have generally been LDH labels, this is the class of domain labels that
IDNA extends.  ASCII labels that have no canonical form (like "_tcp"
[RFC-2782]) are outside the scope of IDNA.

An "internationalized label" is a generalization of LDH label:  It is a
string that has a canonical form that is, or is the XN partner of, an
LDH label.

Two internationalized labels are "equivalent" iff they have canonical
forms that are identical or are an XN pair.

A "tagged label" is an internationalized label that is a tagged string.

An "ACE label" is an internationalized label whose canonical form is the
ASCII member of an XN pair.  (ACE stands for ASCII Compatible Encoding.)

A "Joker label" is a tagged label that is not an ACE label.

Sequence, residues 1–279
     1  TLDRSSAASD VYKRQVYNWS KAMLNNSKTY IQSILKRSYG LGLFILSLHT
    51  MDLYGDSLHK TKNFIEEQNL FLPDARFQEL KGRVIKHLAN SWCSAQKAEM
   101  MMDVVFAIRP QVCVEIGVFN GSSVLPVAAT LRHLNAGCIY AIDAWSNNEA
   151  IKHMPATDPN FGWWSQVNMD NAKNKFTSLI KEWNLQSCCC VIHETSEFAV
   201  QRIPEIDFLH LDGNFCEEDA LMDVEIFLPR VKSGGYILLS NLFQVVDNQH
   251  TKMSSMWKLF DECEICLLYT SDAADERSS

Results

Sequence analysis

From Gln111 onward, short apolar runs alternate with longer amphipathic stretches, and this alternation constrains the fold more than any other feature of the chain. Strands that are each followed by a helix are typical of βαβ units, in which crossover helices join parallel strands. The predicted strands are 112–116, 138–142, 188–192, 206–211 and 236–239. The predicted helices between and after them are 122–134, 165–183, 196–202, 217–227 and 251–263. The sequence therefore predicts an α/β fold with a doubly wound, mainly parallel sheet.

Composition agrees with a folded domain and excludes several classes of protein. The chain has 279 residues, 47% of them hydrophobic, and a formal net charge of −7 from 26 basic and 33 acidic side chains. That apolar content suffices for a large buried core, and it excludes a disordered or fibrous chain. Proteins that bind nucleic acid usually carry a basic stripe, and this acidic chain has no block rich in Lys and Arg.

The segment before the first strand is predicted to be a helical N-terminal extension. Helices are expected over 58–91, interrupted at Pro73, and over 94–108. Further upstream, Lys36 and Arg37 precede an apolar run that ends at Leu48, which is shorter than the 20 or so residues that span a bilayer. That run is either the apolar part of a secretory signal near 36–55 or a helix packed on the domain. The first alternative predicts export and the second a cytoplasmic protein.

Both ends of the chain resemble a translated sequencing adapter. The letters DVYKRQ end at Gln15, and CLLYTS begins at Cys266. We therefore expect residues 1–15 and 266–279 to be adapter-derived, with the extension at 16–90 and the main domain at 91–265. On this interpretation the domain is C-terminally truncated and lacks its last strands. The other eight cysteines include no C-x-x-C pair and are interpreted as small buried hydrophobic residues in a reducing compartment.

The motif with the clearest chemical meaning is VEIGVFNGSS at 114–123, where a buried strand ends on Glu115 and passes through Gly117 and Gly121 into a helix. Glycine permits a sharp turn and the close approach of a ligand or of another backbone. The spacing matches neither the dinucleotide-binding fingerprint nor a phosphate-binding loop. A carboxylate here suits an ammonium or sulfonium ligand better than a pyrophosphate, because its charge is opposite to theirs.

Within the IDNA specifications the unqualified term "label" means
internationalized label, but this abbreviation is avoided wherever it
might be confusing.

Key observations:

Within the set of all internationalized labels equivalent to any given
internationalized label, at most two are canonical.  If there are two,
they are an XN pair.

For every non-ASCII internationalized label, there exists at least
one equivalent internationalized label that is ASCII.  (Proof by
construction:  If the canonical form of an internationalized label is
not ASCII, then it has an XN partner that is ASCII.)  ASCII forms are
needed in some protocols (like DNS).

For every ACE label, there exists at least one equivalent
internationalized label that is non-tagged and therefore non-ACE.
(Proof by construction:  An ACE label's canonical form has an XN partner